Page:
Alaska city leaders put ride-sharing ban on ballot

KETCHIKAN, Alaska (AP) — Voter in an Alaska city are getting the chance to decide whether or not they want ride-sharing companies such as Uber and Lyft to operate in their city.

The Ketchikan City Council voted on Thursday to place a proposed city ban of ride-hailing companies on the upcoming Oct. 3 ballot.

Ketchikan Daily News reports the action comes after Gov. Bill Walker in June signed legislation allowing ride-sharing companies to operate statewide.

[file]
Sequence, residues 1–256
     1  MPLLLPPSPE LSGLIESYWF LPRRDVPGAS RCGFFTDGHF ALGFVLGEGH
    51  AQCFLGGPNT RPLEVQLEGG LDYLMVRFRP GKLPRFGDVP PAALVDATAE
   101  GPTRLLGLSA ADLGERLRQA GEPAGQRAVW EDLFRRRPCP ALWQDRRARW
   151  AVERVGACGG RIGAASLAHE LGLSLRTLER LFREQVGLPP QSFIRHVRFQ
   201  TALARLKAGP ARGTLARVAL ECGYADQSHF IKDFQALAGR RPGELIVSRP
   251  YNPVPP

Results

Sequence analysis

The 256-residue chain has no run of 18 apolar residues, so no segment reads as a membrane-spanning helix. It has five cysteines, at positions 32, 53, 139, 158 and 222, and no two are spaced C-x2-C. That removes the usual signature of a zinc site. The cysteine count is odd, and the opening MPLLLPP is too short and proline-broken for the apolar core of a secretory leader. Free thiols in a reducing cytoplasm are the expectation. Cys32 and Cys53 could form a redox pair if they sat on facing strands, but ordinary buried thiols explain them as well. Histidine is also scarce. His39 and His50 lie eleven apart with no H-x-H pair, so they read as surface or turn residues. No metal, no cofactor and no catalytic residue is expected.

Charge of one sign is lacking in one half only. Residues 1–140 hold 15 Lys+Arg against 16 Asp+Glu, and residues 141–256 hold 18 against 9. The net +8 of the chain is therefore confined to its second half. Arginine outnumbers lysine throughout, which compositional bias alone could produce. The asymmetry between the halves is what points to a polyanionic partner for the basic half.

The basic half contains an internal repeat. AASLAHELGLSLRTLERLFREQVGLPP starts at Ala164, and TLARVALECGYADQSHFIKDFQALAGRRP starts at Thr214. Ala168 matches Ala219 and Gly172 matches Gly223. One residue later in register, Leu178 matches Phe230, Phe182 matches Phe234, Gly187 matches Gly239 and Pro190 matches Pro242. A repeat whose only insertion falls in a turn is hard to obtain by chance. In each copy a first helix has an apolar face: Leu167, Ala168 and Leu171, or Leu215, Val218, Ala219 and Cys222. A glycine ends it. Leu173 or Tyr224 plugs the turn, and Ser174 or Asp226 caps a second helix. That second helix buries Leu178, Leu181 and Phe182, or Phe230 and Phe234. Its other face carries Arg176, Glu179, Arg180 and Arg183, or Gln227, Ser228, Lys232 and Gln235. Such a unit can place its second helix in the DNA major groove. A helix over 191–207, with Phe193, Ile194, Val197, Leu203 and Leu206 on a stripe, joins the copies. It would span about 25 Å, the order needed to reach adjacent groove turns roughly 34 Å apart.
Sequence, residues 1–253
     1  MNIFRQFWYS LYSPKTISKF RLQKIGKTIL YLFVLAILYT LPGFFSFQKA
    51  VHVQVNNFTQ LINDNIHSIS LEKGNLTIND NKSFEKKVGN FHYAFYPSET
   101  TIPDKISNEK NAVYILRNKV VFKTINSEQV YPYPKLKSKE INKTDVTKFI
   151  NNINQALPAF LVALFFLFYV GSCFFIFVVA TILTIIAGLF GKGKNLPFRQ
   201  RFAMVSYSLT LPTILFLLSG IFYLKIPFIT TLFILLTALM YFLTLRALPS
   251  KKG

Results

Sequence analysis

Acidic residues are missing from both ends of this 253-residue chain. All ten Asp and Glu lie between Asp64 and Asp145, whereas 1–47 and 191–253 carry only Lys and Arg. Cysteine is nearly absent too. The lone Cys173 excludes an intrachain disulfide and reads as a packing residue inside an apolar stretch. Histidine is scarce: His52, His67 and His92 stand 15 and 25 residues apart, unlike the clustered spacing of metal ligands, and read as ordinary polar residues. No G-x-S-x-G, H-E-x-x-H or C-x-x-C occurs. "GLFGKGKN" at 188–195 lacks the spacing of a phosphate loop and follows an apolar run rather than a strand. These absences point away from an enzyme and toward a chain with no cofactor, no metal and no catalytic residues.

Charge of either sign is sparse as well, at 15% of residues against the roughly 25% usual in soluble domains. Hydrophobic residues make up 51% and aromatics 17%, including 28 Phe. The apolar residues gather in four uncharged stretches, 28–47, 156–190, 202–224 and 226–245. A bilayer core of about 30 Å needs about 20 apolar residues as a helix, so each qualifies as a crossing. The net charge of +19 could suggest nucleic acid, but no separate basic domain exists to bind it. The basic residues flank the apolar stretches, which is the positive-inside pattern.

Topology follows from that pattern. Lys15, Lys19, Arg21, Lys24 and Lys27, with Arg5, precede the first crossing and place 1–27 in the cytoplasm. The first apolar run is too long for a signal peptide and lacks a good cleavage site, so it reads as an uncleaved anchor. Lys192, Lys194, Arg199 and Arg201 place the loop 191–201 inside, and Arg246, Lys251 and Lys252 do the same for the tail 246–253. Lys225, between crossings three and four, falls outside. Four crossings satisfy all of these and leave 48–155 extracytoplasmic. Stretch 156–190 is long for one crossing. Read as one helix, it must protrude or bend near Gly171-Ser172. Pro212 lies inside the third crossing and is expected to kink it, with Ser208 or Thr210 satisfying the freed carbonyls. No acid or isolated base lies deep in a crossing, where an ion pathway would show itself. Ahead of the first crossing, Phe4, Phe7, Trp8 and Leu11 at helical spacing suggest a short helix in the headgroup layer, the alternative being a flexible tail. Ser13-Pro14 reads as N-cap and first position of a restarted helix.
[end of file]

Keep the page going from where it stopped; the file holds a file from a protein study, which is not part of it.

Council members and Mayor Lew Williams III are skeptical of ride-sharing because they say companies are not responsible as a whole for collecting or reporting local sales taxes, even though individual driver are required to do so.

The ban proposal was voted on the same day that two of the city’s three taxi services were OK’d to merge.

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